Jul. 22—New Mexico lawmakers, in the words of Senate Majority Leader Peter Wirth, D-Santa Fe, "have got ourselves in a really tough predicament."
Richard Anklam, executive director of the nonpartisan New Mexico Tax Research Institute, gave legislators a presentation last week showing what that predicament looks like — and how it is hitting consumers in the pocketbook and making it tougher for businesses to compete.
Testifying before the legislative Revenue Stabilization and Tax Policy Committee, Anklam said rising gross receipts taxes statewide over the last two decades have put extra pressure on weak points in the state's tax system. That happens in a couple of ways. First, the combined state and local GRT for some communities now exceeds 9%. In the part of Española that falls within Santa Fe County, consumers are paying 9.0625 cents on every dollar they spend on goods and services subject to the tax. In Taos Ski Valley, the GRT has hit 9.4375%.
In Albuquerque, it's 7.875%
"We've pretty much reached the absolute top of our capacity," Anklam told lawmakers. "It's problematic and deserves your attention." While people in some communities don't need an expert to tell them they are paying nearly 10 cents on the dollar in GRT, Anklam pointed out the higher tax rates exacerbate pyramiding — the way taxes build on each other in business-to-business transactions, such as when a shopkeeper hires an accounting firm to handle payroll.
Rep. Jason Harper, R-Rio Rancho, has tried for years to get rid of or significantly diminish pyramiding in the tax code, with some success in manufacturing and construction. But he says, correctly, "we are not serious about improving our economy until we tackle GRT tax pyramiding. It can raise the effective tax rate to 17%, and we wonder why a product is so much cheaper in Texas. It's because of the hidden taxation."
And guess who ends up paying for those "stacked" taxes in the end? The consumer, one way or another.
Part of the double whammy of sky-high GRT stems from the repeal of the GRT on food in 2004. That had the effect of significantly narrowing the tax base — making it especially difficult on rural communities and small cities that lack the tax base to pay for critical services, like pay for police officers.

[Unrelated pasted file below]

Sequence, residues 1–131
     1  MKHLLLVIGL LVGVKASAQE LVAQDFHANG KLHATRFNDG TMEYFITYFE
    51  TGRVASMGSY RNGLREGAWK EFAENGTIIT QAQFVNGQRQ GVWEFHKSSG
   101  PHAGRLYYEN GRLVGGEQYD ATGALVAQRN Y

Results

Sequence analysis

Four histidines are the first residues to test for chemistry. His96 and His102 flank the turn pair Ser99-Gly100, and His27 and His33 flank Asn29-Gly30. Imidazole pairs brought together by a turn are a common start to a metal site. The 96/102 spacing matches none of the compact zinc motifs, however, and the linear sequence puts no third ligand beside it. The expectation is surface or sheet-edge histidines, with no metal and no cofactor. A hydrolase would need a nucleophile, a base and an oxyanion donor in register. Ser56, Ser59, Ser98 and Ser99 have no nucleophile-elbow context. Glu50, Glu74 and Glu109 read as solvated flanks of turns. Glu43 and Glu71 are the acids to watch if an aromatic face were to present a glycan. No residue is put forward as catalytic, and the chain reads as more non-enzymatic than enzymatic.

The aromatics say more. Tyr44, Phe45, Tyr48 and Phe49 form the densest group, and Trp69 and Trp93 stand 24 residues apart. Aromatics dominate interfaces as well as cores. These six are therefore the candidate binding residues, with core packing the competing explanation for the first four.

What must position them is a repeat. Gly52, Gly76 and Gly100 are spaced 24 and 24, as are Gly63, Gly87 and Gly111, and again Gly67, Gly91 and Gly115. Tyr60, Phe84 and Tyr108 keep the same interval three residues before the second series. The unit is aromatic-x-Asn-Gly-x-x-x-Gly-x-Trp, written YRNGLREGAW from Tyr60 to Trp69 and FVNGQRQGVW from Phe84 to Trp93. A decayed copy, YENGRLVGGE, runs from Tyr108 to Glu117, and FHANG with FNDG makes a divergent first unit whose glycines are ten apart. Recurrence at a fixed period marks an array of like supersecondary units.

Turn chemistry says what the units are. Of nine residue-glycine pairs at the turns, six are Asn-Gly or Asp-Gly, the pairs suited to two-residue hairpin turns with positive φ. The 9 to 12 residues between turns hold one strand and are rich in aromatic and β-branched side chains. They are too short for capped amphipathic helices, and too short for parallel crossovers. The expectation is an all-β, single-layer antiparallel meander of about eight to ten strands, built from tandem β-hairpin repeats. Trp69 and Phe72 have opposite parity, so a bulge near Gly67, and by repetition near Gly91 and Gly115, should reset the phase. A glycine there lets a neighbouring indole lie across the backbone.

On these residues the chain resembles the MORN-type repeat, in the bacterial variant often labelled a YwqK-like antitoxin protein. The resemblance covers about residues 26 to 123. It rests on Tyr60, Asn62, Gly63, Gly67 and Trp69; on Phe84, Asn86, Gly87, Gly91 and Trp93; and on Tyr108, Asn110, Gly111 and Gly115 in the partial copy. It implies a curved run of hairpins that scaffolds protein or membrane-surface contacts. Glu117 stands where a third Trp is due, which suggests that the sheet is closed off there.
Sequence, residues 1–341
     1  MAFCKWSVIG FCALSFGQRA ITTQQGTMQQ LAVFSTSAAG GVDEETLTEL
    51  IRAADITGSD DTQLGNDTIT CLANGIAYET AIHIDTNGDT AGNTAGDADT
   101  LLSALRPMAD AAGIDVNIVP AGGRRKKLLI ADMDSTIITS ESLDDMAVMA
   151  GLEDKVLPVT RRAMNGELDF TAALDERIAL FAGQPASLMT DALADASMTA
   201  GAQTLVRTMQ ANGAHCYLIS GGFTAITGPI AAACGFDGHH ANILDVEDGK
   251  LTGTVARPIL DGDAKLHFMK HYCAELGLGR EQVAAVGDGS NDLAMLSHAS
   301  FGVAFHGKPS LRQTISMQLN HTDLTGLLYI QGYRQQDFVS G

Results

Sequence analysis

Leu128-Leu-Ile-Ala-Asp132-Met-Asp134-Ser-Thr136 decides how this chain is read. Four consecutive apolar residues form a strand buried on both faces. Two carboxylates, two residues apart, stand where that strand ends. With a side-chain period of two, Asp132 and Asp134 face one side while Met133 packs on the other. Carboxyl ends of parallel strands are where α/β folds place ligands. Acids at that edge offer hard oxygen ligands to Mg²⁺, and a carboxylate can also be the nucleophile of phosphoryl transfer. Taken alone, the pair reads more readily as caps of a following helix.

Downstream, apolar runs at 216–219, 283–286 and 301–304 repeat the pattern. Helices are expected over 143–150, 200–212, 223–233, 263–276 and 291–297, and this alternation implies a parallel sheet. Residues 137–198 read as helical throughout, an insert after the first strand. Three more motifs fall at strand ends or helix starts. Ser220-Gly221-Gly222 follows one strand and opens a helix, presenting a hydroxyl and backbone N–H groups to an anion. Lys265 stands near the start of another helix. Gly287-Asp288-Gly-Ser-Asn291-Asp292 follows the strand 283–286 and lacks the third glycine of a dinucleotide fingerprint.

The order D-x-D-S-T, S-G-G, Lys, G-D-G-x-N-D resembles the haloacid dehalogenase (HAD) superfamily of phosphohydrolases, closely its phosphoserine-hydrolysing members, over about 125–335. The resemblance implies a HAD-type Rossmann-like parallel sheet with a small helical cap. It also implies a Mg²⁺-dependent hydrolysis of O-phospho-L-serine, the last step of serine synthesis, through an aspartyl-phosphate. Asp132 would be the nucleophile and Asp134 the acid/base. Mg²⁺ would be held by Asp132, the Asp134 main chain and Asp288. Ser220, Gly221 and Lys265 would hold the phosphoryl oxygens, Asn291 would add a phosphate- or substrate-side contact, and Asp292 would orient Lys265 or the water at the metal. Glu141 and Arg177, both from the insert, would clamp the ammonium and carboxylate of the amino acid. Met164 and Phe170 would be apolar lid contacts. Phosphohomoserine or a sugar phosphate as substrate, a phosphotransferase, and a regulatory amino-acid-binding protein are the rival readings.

While politically popular to say we don't tax food, the net result of the repeal was low-income people pay higher taxes on everything else they buy, from shoes to diapers. The Legislature let cities and counties raise their GRT rates to more than make up for the food tax they lost without going to voters. (Bernalillo County, for example, missed out on $16.5 million in 2017 because the food tax had been repealed. But it received $8.064 million in "hold harmless" money that year, plus an extra $43.347 million from its higher GRT. Bottom line: In 2017 consumers in Bernalillo County got a tax break of $16.5 million that cost them $51.411 million.)
"In New Mexico, we've narrowed our base, and we've raised our rates," Anklam said. "The less (items) you tax, the higher rate you have to tax it at to get the same amount of money. That's been our policy history for the last 15 to 20 years."
Wirth, who unsuccessfully pushed for tax code changes last year, said part of the problem is it costs about $68 million a year to reduce the state GRT (currently set at 5.125%) by just one-eighth of a percentage point. "We put all these pieces in play," he said, "and you can barely move the needle."
Wirth said lawmakers will have to "think big" to address the GRT system. And Sen. Ron Griggs, R-Alamogordo, said lawmakers "need to suck it up and figure out how to fix" it.
It's good to see some bipartisan recognition of the problem, because we are at or near "the absolute top of our capacity."
This editorial first appeared in the Albuquerque Journal. It was written by members of the editorial board and is unsigned as it represents the opinion of the newspaper rather than the writers.